- An overview
- Family violence
- Violent relationships
- Sexual assault
- Impacts of child sexual assault
Bullying can range from mild teasing through to more serious abuse.
Although you may be aware at some level when you're being bullied, sometimes it’s hard to know if it’s real. When bullying is mild it can also be hard to describe to other people. On the other hand, bullying can be so threatening and physical that you're too fearful to talk about it or to take action.
On this page:
- What is bullying?
- What are the health impacts of bullying?
- Workplace bullying
- Strategies to combat bullying
Bullying is deliberate and repeated intimidating behaviour by one person, or a group of people, directed towards another. It's not a single event and isn't just physical. Bullies can be found at all ages, in all cultures, in the home, school and workplace, on sporting fields and on social networking sites, and at all levels from school girl to chief executive.
Bullying can come in many different forms:
- verbal – teasing, name-calling, insults, and personal, sexist or racist remarks
- psychological – making threats, nasty looks and gestures, and manipulating or stalking someone
- social – spreading stories or rumours, playing tricks that are deliberately mean or humiliating for the victim or excluding them from a group
- physical – pushing, tripping or hitting
- cyber – using email, mobile phones, chat rooms and social networking to abuse, humiliate or threaten.
Bullying generally results in feelings of stress, which may make you:
- unable to sleep
- emotionally numb
- tired or fatigued.
You may also have physical symptoms:
- general aches and pains
- headaches and migraines
- sweating and palpitations
- changed appetite
- constant tiredness.
Psychological symptoms that are related to bullying include:
- panic attacks
- thoughts of suicide
- memory or concentration problems
- tearfulness, irritability, angry outbursts, sullenness and mood swings.
Bullying can also affect your thoughts, behaviour and personality. You may feel shy or find it hard to make decisions, be motivated, or enjoy things that used to make you happy. You may feel fear, shame and/or embarrassment, all which might stop you telling anyone about what is happening.
Unfortunately, bullying at work is common and can occur between co-workers, come from a manager or supervisor to an employee, or from an employee to a manager or supervisor. The most common form of workplace bullying is verbal abuse, although all forms of bullying occur. Examples include:
- abusive, insulting or offensive language or comments
- undue criticism
- excluding from normal work activities, including discrimination on the grounds of gender, age or ethnicity
- withholding information, supervision or resources that someone needs to do their job
- overloading a person with work or not providing enough work
- setting unreasonable timelines or constantly changing deadlines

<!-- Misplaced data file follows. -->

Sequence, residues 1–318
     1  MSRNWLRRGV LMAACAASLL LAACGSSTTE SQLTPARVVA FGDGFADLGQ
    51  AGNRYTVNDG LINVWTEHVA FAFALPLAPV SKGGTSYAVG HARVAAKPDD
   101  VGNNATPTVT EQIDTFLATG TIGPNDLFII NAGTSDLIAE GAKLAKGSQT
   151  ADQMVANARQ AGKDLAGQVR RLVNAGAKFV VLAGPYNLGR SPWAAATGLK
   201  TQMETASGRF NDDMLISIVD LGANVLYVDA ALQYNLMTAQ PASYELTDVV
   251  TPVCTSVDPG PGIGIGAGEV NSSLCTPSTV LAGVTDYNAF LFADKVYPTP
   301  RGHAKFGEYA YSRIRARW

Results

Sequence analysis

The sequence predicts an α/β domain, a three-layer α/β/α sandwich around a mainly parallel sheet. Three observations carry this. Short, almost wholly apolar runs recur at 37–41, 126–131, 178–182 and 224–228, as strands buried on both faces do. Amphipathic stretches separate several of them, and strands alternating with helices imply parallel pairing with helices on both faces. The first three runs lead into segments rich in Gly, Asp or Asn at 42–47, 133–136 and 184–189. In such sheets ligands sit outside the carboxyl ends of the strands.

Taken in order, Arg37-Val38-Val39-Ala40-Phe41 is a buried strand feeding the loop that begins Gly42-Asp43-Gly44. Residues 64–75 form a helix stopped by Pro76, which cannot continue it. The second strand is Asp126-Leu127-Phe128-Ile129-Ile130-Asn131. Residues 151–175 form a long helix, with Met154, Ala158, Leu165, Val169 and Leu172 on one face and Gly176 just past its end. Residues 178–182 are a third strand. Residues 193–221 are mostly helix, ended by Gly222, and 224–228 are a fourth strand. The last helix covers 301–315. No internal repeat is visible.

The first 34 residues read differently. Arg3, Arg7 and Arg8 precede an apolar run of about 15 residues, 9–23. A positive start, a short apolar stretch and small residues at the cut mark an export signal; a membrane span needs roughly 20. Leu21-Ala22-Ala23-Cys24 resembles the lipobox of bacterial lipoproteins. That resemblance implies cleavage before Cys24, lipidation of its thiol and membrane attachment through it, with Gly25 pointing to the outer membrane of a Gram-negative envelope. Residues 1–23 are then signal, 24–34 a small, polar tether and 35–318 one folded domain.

- setting tasks that are unreasonably below or beyond a person’s skill level
- changing work arrangements, such as rosters, leave, training or the location of a person’s office or desk, to the disadvantage of a worker or workers.
If you are bullied at work, be it cyber bulling or any other form, you should report this to your employer.
Victoria is the only state with laws against workplace and cyber bullying. Your employer has a duty to ensure the health, safety and welfare at work of all its employees.
There are lots of resources on the internet in relation to workplace bullying. The Workplace Bullying page on the Australian Human Rights Commission website provides links to the relevant state authority, which you can contact if you’re experiencing workplace bullying.
You can report bullying to your state or territory work health and safety authority. They will also be able to provide you with advice and help.
The best protection against bullying is to build up your emotional strength and social skills, both of which can be developed through self-awareness and good communication. A good strategy is to learn how to express what you think, how you feel and what you would like to happen. This is easier said than done, and you may need help from friends, relatives or a counsellor or therapist.
Developing a wide and supportive network will help to make you less vulnerable to teasing, bullying and harassment. It’s important to distinguish between friends who care about you and support you, and those who don't. Choose friends with whom you feel comfortable and avoid those who make you feel uneasy. This will also help you to protect your friends and other vulnerable people and to intervene assertively and respectfully when they are at risk of being bullied.
The Women’s does not accept any liability to any person for the information or advice (or use of such information or advice) which is provided on the Website or incorporated into it by reference. The Women’s provide this information on the understanding that all persons accessing it take responsibility for assessing its relevance and accuracy. Women are encouraged to discuss their health needs with a health practitioner. If you have concerns about your health, you should seek advice from your health care provider or if you require urgent care you should go to the nearest Emergency Dept.